Oberá, cultivating a diamond in the forest
For many of us, it is a true surprise when we learn that most of the raw material for iced tea comes from Argentina. Sorry, say that again — Argentina? The land of soccer, wine, beef and dulce de leche?
Yes, Argentina is the world’s ninth largest producer of tea — all of which is for iced tea. It is also quite surprising to learn that the U.S. is the primary market for the Argentinian teas, constituting about 70 percent of total exports.
In May 2017, S&D Coffee & Tea had the great opportunity to host the Landscape Level Risk Workshop in partnership with Tea 2030 and Finlays in Oberá in the Misiones province in Argentina. This international workshop was the first one of its kind for the Argentinian tea sector. In a conservative sector with a long tradition of tough competition among longstanding family businesses, a certain degree of anxiety combined with high expectations was in the air prior to the workshop — given that they were all walking into unknown territory.
The workshop turnout was fantastic. It gathered over 50 representatives of multiple actors in the supply chain including the largest exporting companies, NGOs like Solidaridad, Conservation International, Imaflora and Fundación Biodiversidad Argentina and smallholder associations, among many others.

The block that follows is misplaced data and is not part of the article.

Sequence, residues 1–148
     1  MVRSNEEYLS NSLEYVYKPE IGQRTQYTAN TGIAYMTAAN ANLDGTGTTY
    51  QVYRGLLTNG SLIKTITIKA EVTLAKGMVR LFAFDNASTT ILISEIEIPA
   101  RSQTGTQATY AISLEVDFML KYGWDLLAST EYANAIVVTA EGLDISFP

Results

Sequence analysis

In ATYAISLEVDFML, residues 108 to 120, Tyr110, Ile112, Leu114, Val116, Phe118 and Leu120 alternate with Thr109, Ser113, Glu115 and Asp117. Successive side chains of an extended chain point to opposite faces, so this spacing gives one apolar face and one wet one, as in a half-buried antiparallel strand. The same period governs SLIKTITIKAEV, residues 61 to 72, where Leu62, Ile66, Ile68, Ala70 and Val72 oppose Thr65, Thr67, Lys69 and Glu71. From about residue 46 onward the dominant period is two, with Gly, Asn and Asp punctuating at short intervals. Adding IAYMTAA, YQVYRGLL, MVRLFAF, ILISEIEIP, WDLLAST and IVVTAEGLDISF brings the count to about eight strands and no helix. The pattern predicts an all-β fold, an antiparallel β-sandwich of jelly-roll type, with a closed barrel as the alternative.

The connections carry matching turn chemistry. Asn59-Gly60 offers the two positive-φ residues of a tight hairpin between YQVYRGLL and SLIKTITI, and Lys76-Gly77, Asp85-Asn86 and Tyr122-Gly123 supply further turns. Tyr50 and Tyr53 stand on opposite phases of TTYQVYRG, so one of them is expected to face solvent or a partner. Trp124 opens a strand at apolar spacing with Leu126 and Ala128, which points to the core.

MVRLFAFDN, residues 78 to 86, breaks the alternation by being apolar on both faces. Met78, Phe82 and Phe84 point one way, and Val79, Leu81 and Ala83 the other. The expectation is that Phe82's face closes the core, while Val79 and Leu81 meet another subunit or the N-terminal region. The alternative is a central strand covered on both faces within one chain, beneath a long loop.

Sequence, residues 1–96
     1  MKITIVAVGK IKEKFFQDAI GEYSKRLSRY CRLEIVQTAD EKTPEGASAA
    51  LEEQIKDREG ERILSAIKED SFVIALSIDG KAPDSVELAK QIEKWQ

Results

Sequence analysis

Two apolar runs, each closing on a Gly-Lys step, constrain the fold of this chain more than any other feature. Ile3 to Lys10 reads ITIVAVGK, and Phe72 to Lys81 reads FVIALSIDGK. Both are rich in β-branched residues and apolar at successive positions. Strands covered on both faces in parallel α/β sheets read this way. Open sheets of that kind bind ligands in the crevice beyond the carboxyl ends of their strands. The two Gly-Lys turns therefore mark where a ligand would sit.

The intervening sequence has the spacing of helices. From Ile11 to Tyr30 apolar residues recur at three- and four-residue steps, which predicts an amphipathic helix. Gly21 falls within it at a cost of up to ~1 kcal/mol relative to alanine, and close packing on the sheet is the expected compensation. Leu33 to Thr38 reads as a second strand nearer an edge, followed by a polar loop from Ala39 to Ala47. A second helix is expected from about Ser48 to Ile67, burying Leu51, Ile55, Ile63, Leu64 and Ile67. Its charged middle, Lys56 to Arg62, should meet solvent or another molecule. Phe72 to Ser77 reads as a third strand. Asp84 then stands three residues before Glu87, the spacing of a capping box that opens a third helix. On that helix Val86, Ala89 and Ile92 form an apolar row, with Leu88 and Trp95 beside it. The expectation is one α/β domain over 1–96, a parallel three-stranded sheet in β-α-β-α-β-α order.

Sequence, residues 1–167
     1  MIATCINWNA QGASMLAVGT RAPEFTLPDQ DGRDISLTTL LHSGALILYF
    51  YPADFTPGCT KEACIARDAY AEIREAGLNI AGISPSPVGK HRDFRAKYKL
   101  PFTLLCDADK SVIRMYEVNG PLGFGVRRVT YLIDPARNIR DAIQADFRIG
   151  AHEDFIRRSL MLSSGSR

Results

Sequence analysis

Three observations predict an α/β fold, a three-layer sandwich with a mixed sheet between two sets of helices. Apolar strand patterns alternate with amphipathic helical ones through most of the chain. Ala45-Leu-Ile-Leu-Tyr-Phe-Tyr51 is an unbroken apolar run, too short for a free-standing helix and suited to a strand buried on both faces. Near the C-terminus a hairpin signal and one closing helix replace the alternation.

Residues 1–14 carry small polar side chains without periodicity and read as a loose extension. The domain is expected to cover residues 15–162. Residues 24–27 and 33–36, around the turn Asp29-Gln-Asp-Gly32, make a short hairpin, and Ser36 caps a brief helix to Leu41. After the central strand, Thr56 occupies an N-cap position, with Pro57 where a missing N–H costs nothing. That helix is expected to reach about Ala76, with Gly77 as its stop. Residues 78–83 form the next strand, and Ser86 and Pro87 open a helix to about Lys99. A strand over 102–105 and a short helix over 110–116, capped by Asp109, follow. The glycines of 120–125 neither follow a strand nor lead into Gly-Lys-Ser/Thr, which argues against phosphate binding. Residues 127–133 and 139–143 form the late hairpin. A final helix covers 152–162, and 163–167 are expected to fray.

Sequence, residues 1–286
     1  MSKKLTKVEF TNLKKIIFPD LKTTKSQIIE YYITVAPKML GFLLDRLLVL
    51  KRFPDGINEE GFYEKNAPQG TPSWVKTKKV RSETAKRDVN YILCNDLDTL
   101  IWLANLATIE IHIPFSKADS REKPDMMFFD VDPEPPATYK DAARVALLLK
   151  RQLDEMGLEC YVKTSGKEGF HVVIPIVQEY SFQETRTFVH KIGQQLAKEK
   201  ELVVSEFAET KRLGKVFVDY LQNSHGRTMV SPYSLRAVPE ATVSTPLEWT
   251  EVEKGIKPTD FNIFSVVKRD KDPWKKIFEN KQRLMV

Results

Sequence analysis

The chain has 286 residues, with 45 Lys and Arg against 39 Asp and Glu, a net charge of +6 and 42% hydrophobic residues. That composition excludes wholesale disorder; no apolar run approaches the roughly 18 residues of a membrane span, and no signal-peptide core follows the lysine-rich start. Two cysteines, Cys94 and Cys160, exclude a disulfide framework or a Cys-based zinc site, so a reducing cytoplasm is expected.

This was an incredible opportunity for all stakeholders to speak up and openly talk about the shared risks, including climate change and deforestation, and the challenges that we face when doing business in this fantastic and rich landscape. It is relevant to remember that Misiones is part of the Mata Atlántica Biome, one of the most biodiverse regions in the planet that also includes the magnificent Iguazú falls, making it a true biological gem.
During the workshops S&D shared experiences from the coffee industry, like the sustainable coffee challenge and the coalition for coffee communities (CCC) landscape assessment in Nicaragua, to inspire collective action and show ideas on how big systemic challenges can be addressed collectively. Additionally, our partner Conservation International shared the deforestation analysis that was commissioned by S&D.
As the day progressed it became obvious that the challenges and risks affecting the region are much too great for any given company to tackle them on its own. It was also great to see a genuine interest in making tea production viable for smallholders in the long run.
After eight hours of hard work, we all left the workshop energized and feeling that we planted a seed for structural change. Pre-competitive collaboration, empowering local actors and providing a framework for small farmers to thrive, were among the main conclusions of this sunny day together.
As a result of the workshop, attendees agreed on creating a steering committee with local stakeholders to coordinate and lead the future collective action workstreams that will emerge as a way to mitigate the risks mapped out during the workshop.
Oberá in the native language of the region (Guaraní) means “what shines”. We hope that — as an industry — we can all collectively participate in actions that will make this diamond shine from deep inside the forest.